The basic line taken by the liberal commenters there was that there were no conceivable negative consequences if men ceased to be providers for their families and if women became economically independent.
That's actually the moderate liberal line: everything's going well, we'll make these changes and nothing bad will happen. A more radical liberal would claim that the changes were intended to sweep away the old and usher in an entirely different social order.
The "moderate" liberal attitude reminded me of Kristor's recent comment at VFR:
Modern culture is a veritable hurricane of vicious cycles, all originating in a gnostic pretense: Let's pretend that there is no inherent nature of things, so that we may mess ad libitum with the family, sex, economics, and culture, with no ill consequences. Hey, Presto! Pass a law! Make it so!
That's what I felt I was up against. It was left to me to try and argue the nature (or "working") of things (not always the easiest thing to do) whilst the liberals argued "no nature" in response. Some of the liberals did this more subtly than others (the first commenter "infinitely thirsting" doing the best job out of the liberals).
Here's a typical exchange:
Me: A heterosexual man will generally find femininity in a woman sexually attractive.
Liberal: Just so you know, there's no universal understanding of what "femininity" or "masculinity" entails - each culture has traits it considers womanly or manly and they vary widely.
Me: As it happens, the ideal of feminine attractiveness has stayed fairly constant throughout recorded Western history. From the poem Alison (thirteenth or fourteenth century): "With a lovely face she laughed upon me - Her waist small and well-made ... Kindest of ladies, hearken to my song". From the early 1400s: "The smiling mouth and laughing grey eyes, the round breasts and two long slender arms". From the 1500s: "There is a lady sweet and kind, Was never face so pleased my mind ... Her gesture, motion and her smiles, Her wit, her voice, her heart beguiles".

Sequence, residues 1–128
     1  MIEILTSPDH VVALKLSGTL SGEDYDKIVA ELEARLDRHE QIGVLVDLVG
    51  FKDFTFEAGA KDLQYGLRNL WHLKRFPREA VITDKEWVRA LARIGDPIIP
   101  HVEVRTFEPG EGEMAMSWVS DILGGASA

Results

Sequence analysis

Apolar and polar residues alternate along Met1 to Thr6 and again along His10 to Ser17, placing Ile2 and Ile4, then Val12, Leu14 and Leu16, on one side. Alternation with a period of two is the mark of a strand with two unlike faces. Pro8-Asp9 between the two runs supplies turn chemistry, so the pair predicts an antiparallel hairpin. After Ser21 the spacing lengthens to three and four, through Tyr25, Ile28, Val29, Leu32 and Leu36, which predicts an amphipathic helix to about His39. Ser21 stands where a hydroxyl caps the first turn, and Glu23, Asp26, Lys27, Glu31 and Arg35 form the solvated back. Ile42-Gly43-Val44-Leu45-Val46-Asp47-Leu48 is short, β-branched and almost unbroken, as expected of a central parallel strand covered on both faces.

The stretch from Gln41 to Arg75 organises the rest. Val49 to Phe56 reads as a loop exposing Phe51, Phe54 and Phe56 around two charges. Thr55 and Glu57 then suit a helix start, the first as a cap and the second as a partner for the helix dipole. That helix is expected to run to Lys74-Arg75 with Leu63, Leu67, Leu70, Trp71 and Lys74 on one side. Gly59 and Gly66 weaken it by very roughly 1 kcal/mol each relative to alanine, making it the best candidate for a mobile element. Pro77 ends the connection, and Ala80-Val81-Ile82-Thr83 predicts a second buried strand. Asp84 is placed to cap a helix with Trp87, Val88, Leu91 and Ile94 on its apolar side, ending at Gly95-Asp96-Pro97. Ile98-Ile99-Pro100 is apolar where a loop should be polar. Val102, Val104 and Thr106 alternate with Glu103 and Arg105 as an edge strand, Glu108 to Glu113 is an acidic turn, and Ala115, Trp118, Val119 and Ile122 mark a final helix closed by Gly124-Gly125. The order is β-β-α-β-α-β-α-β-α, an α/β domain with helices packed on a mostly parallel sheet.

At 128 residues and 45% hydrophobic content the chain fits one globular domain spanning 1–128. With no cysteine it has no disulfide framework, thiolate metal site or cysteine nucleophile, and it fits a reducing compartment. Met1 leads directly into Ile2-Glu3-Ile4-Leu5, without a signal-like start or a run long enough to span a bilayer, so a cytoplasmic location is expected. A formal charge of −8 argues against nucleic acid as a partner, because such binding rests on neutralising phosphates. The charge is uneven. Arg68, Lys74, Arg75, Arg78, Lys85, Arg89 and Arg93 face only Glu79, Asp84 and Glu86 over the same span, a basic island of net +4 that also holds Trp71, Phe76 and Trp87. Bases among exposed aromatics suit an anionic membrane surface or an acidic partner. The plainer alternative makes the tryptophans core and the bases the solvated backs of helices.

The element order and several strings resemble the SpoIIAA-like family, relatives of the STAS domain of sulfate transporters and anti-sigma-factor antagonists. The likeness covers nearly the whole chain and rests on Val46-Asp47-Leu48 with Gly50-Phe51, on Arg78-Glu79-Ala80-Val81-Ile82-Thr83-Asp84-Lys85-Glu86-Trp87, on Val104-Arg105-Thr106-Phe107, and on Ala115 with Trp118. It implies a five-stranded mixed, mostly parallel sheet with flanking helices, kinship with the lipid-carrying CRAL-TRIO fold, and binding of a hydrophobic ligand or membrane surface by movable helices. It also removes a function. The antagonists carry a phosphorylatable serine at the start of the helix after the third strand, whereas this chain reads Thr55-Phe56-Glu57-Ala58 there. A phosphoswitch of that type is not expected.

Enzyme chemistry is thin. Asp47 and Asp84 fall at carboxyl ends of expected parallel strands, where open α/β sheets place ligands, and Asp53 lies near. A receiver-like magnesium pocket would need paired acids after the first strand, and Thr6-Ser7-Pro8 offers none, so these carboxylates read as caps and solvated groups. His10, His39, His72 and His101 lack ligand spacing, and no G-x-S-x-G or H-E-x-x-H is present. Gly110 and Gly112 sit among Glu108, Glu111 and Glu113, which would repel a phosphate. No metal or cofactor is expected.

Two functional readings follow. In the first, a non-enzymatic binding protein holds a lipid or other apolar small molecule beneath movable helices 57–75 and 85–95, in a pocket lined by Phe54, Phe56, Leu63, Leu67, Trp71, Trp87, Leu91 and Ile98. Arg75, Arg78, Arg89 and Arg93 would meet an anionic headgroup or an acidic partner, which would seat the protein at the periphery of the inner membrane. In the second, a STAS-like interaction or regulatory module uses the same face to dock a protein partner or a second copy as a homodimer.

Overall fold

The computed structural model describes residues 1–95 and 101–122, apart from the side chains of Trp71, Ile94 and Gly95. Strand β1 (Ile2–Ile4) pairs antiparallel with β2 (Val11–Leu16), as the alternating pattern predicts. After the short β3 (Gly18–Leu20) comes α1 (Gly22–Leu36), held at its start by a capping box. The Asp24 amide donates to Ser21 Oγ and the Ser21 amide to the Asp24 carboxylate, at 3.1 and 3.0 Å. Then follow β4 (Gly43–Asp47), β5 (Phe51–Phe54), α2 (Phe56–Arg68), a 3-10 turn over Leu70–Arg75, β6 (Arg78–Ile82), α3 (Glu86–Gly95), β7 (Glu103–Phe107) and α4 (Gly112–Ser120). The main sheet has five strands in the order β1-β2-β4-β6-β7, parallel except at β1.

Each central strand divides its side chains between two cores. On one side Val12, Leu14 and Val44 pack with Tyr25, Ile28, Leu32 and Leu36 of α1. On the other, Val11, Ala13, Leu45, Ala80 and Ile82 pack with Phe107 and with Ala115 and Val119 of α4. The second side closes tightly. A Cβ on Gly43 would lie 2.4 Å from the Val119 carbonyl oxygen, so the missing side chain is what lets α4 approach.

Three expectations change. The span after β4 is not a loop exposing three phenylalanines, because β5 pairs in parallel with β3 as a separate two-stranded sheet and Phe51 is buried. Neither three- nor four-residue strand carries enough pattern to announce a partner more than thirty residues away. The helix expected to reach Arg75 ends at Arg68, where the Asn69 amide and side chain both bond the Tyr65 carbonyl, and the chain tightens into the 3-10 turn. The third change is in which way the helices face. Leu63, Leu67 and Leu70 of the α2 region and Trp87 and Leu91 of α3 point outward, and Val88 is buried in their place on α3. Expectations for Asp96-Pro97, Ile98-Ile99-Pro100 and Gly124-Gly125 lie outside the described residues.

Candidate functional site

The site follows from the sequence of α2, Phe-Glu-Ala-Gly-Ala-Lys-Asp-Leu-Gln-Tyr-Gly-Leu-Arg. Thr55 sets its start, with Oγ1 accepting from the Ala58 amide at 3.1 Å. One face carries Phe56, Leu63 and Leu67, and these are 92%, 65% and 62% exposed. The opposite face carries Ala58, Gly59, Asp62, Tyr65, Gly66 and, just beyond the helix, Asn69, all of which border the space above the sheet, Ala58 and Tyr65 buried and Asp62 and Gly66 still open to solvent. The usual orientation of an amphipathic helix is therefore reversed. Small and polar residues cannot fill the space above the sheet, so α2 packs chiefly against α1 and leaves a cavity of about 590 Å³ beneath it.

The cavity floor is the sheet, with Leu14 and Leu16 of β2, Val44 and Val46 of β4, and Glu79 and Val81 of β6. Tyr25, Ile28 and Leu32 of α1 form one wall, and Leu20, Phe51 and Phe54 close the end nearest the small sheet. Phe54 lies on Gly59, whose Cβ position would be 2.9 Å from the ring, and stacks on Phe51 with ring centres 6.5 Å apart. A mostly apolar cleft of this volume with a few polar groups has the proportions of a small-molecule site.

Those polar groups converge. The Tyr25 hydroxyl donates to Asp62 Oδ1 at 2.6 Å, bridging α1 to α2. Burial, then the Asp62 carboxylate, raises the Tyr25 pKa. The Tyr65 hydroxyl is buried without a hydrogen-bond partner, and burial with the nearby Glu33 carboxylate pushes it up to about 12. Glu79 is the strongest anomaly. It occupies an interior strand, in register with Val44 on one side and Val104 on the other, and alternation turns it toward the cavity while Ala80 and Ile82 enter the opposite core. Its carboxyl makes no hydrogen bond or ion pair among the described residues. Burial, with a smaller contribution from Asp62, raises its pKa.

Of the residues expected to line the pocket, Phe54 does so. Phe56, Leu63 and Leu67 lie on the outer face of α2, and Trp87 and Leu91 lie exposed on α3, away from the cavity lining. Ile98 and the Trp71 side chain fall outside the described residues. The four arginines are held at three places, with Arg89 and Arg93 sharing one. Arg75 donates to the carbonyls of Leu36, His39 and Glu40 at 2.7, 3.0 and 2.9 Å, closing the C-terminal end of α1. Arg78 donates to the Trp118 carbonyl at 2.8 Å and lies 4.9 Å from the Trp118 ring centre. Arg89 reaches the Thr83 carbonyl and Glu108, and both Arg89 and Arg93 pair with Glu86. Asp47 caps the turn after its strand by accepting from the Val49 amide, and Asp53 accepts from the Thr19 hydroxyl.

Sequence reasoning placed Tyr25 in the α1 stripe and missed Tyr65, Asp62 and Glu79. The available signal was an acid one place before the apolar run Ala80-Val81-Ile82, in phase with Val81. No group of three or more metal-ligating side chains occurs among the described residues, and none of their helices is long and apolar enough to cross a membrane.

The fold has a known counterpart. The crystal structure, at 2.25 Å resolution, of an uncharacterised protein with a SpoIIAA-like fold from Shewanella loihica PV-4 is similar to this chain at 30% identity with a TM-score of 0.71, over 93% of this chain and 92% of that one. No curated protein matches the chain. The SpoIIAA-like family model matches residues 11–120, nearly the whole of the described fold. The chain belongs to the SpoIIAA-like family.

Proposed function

Liberal: The poem you linked talks about PHYSICAL BEAUTY (which has changed as well, especially in body type) and not social ideas of what is "masculine" and feminine
Me: The poems I linked to praised women not only for their physical femininity but also for being kind, sweet, smiling and vivacious - qualities which many men today would also find attractively feminine.
Our liberal cannot even accept the statement "A heterosexual man will generally find femininity in a woman sexually attractive." He finds even this too limiting for his purposes, he rebels against it. He suggests that there is no real existence to the qualities of masculinity and femininity, they exist instead as "social ideas" that change over time. Little wonder that he then believes that you can change from one social idea to another without any fallout, as the social idea doesn't relate to anything real.
But what if there has been fallout? What if there are high divorce rates, low marriage rates, below replacement fertility levels, resentments between the sexes, young men deciding "to go their own way", a coarsening of cultural standards and so on?
The liberals on the site either didn't recognise them ("talking about how society is going downhill is silly" wrote one) or else blamed large impersonal forces beyond our control (e.g. capitalism).
One final point: my post was voted up by 15 reddit readers and down by 8. So even though liberals dominated the comments, there does still seem to be an audience for traditionalist ideas amongst the men's rights readership.
(PS If there is a small "11 children" button under "kanuk876" you have to click it to read the entire discussion at the reddit site. As I write it's OK, but the way the reddit system works sections of the discussion can be hidden if they're downvoted.)